7.1. Sloper (1999) categorized four support service models for parents.
i. Key worker models: A ‘key worker’ or link person is a named person whom the parent approaches for advice
about any problem related to the children with special educational needs. The key worker maintains regular
contact as needed with the family, and has responsibility for collaborating with professional from a range of
services, and coordinating support for the family. Particularly important aspects of the service are the key
worker’s knowledge of and ability to access information and services from a range of agencies.
ii. Parent Counselling Models: Dunst, Trivette and Deals (1994) carried out a number of studies of
family support services in the USA. Their findings suggest that many elements of effective support services
centre on interpersonal aspects of the relationship between families and service providers. It matters as much
how professional assist families in mobilizing resources as it does which supports are mobilized. Features of
effective help-giving are identified as: relationship building; communication, honesty and clarity; understanding
of families own concerns, and responsiveness to family values and goals.
iii. Parents Partnership Models: Relationship between parents and professionals is a crucial aspect of
service effectiveness. Evaluation of such an approach employed by the KIDS Family Centre points to positive
effects. The centre employed a range of services from which parents could choose. Professional practice was
based on a negotiating model of partnership (Dale, 1996) whereby time, listening, openness and discussion are
used to help parents and professionals to reach consensus on needs and actions.
iv. Coping Skills Models: In general, these interventions have used the ideas from stress and coping
theories to inform parent training in problem solving and decision making, communication skills, skills in
accessing and utilizing social networks, and coping strategies such as positive self-statements, self-praise and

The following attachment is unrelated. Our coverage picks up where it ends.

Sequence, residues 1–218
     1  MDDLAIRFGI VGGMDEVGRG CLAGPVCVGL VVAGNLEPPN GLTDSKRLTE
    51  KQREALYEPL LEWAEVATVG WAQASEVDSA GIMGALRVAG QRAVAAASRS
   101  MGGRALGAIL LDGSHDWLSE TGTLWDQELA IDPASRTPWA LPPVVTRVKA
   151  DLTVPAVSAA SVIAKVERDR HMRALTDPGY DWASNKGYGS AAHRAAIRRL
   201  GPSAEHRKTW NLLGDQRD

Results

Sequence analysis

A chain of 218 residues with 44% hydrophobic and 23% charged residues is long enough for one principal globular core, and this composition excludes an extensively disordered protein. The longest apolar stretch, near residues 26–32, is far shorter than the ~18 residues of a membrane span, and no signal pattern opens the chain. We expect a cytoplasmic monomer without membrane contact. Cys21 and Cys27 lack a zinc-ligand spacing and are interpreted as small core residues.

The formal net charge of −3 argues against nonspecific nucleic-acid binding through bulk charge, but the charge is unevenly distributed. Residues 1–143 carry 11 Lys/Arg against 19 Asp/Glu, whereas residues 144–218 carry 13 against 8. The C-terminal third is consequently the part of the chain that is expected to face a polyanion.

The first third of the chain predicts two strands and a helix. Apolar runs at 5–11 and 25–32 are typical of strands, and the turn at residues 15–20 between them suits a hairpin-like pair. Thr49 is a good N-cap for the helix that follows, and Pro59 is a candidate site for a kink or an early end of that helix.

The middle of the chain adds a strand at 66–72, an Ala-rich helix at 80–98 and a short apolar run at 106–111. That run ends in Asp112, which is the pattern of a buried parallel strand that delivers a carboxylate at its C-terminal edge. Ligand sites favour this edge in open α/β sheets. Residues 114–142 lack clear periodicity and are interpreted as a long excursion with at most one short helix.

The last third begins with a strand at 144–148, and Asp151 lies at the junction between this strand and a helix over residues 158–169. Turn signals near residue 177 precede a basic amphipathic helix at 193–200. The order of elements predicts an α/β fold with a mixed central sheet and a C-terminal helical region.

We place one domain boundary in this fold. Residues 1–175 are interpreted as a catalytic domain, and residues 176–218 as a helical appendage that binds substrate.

relaxation. These models focus on services that take a holistic approach to parent support. One of their strengths
lies in their ability to work with parents to determine their needs and to provide opportunities for parents to
access a range of other services as appropriate.

7.2. Kaur (2010) also categorized parents and family support models into eight.
a. Network of NGOs with families: NGOS play an important role in the development of society. They focus on
the empowerment of depressed sections of the society. There are NGOs working especially for deaf, dumb,
mentally retarded, and physically impaired and for visually impaired. They also organize camps for the children
with special educational needs like wheel chairs, hearing aids, braille etc. Therefore, counsellors should connect
NGOs with families of children with special educational needs children who would provide them adequate
knowledge about care of the children with special educational needs member.
b. More Interactions with Families among Themselves: Families should interact with each other to

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provide appropriate and rehabilitative care to the children with special educational needs at home. They should
help themselves through transfer of knowledge and skills and on finding ways to change and adopt according to
the needs of the children with special educational needs member.
c. Counselling Services for Families with Special focus on Sibs: The inability of any person who is
significant to the family interferes in the family’s home and social environment. Every member of the family
experiences burden of responsibilities and lack of resources to provide adequate care to the disabled. Sibling
disability has a negative impact on the normal sibling’s personality. They experience isolation, anger,
depression, fear and frustration because of their children with special educational needs sibling. Counselling
services should be provided to families with special focus on sibs to release their anger, frustration, fear and